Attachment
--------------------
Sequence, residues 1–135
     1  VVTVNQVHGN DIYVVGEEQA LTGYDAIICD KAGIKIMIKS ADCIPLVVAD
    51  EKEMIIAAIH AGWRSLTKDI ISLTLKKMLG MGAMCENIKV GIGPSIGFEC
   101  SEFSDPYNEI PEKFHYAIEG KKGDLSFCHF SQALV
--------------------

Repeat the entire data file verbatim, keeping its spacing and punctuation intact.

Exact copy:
Sequence, residues 1–135
     1  VVTVNQVHGN DIYVVGEEQA LTGYDAIICD KAGIKIMIKS ADCIPLVVAD
    51  EKEMIIAAIH AGWRSLTKDI ISLTLKKMLG MGAMCENIKV GIGPSIGFEC
   101  SEFSDPYNEI PEKFHYAIEG KKGDLSFCHF SQALV